AMERICAN LANDMARK FESTIVALS, founded in 1973 by Francis L. Heilbut, is a nonprofit, tax-exempt organization dedicated to the presentation of outstanding artists in great landmarks of historical, architectural and scenic significance. ALF has cooperated with the National Park Service of the U.S. Department of the Interior and with foreign and local governments, as well as with private organizations, to present performing arts events in a wide variety of landmark venues. Independence Hall in Philadelphia, Castle Clinton, Federal Hall, Theodore Roosevelt Birthplace in New York City, Sagamore Hill in Oyster Bay, Washington’s Headquarters at Morristown, Longfellow House in Cambridge and other nationally registered landmarks have been the forum of continuous ALF performance series. ALF events range from symphony concerts to solo recitals, and have included opera, drama, mime, dance, gymnastics, and poetry readings, and have received excellent press.


Throughout its history, ALF has given the public its first chance to hear upcoming young artists who have gone on to major careers—June Anderson, the Emerson Quartet, and Swedish baritone Håkan Hagegård, for example—and has presented established performers as well, including Eleanor Steber, Artur Balsam, Eugenia Zukermann, Gary Karr, Eliot Fisk, Jerome Hines, Lucine Amara, Paul Doktor. In 1994 Ursula Vaughan Williams, widow of England’s great composer, appeared in ALF’s Distinguished Poet Series. In 1985 ALF brought the celebrated Gyuto Tantric Monks of Tibet to the United States for the first time, with a national tour.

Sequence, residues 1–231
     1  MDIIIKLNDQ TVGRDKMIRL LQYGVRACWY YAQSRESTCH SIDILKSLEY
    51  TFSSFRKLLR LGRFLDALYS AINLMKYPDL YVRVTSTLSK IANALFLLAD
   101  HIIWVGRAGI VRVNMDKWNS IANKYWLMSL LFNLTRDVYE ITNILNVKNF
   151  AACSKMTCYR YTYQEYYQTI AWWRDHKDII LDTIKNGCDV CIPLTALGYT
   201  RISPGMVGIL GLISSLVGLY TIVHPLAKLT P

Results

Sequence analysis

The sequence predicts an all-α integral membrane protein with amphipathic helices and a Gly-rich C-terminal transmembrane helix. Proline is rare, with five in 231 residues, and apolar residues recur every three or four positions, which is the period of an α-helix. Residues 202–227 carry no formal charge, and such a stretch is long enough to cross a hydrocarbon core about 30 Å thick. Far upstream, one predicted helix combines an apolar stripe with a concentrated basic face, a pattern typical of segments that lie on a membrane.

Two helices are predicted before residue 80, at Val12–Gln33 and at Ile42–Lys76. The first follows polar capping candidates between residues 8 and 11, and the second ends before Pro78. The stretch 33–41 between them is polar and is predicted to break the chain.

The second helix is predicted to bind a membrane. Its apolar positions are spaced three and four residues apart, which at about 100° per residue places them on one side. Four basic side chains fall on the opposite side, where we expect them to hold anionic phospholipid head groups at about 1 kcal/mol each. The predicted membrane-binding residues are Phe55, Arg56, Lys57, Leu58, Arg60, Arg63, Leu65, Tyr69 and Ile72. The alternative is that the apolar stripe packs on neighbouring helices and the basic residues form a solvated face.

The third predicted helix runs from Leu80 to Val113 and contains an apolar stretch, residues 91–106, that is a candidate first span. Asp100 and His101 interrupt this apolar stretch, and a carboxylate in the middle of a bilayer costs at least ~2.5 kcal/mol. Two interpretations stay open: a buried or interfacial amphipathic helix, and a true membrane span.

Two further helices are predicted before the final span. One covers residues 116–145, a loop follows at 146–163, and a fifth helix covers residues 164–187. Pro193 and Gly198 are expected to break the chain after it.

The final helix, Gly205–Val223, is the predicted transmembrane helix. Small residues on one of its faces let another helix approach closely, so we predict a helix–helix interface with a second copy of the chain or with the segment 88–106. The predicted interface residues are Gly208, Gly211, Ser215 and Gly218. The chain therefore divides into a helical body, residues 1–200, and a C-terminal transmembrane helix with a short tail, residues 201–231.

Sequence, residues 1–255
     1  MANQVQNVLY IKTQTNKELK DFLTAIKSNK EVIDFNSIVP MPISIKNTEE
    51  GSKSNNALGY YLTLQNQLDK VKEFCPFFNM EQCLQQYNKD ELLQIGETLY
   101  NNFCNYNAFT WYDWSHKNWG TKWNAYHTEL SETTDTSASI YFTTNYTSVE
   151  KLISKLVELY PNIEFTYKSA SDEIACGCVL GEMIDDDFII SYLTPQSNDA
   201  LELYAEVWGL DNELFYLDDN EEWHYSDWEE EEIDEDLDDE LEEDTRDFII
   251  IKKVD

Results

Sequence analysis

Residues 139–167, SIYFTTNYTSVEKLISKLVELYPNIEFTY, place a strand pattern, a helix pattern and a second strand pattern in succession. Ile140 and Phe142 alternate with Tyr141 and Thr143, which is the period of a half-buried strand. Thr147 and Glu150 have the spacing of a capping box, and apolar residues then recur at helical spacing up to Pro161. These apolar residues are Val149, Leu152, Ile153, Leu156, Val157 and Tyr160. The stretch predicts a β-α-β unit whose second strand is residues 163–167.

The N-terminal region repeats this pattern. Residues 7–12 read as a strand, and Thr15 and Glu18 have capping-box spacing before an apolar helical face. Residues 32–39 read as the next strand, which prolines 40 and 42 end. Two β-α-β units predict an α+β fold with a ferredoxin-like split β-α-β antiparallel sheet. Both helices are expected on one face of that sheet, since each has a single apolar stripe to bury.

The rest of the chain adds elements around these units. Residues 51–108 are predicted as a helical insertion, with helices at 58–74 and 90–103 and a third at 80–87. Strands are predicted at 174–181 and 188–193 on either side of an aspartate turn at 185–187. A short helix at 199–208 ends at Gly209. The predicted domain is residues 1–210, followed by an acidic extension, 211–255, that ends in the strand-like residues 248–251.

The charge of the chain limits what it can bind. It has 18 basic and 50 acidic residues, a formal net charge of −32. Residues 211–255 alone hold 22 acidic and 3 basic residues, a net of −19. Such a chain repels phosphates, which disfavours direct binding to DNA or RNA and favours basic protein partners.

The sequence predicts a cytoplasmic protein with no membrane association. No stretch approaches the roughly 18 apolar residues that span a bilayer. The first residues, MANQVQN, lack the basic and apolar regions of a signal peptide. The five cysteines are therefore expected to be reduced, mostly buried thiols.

ALF has presented a number of special events celebrating important anniversaries and milestones in the history of music. In 1975 ALF re-created the original program of the Swedish Nightingale, Jenny Lind, at Castle Clinton, the exact location of her sensational American debut in 1850. A 1988 recital at Carnegie Hall featured operatic basso Jerome Hines in his New York recital debut. In 1991 at Carnegie Hall ALF celebrated the hundredth anniversary of the great tenor, Richard Tauber, with a gala concert which featured, among others, Alfredo Kraus, Jarmila Novotna, Jerry Hadley, Helga Dernesch, James King, Vinson Cole, Judy Kaye, Evelyn Laye, Marta Eggerth, Martile Rowland, and the two winners of the first Richard Tauber International Competition for Tenors. In 1994 ALF played host to a special presentation at Theodore Roosevelt Birthplace of Robert Sherman’s radio program , Woody’s Children, featuring Pete Seeger, Odetta, Tom Paxton and Judy Collins. In 1995 ALF presented a Jenny Lind anniversary concert at Castle Clinton featuring international opera stars Elisabeth Soderstrom and Martile Rowland as well as the winner of the Jenny Lind Competition of Bridgeport, CT, hometown of the man who risked his fortune to bring Jenny Lind to America in 1850, P.T. Barnum.


     In 1994 ALF held the second Richard Tauber International Competition for Tenors, and presented the $5000 First Prize on May 16th, Tauber’s birthday, to American tenor John Uhlenhopp. In November, 1995, ALF held finals for the third such competition in which Arn Prince was the First Prize winner, and in 1998 mezzo soprano Wendy Hoffman was the First Prize winner in a special ALF competition to honor Tauber’s legendary partner, Jarmila Novotna.


     With the support of donors, large and small, ALF’s special projects include the development of an international festival to honor tenor Richard Tauber and the revival of opera at the historic Smith Opera House in Geneva, New York, where it produced Mozart’s Magic Flute and in 2003 a revival of Charles W. Cadman’s Sunset Trail in conjunction with a new arts festival in this beautiful Finger Lakes area.


     You are cordially invited to become a Friend of ALF. Contributions to ALF are tax-deductible, to the extent allowed by law. For further information, contact e-mail: contact@americanlandmarkfestivals.org